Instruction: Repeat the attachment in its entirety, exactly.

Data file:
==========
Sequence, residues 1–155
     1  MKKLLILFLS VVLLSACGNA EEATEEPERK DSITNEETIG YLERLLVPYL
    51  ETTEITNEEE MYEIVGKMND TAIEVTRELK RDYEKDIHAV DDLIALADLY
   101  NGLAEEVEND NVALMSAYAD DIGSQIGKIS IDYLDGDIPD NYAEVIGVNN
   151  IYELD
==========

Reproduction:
Sequence, residues 1–155
     1  MKKLLILFLS VVLLSACGNA EEATEEPERK DSITNEETIG YLERLLVPYL
    51  ETTEITNEEE MYEIVGKMND TAIEVTRELK RDYEKDIHAV DDLIALADLY
   101  NGLAEEVEND NVALMSAYAD DIGSQIGKIS IDYLDGDIPD NYAEVIGVNN
   151  IYELD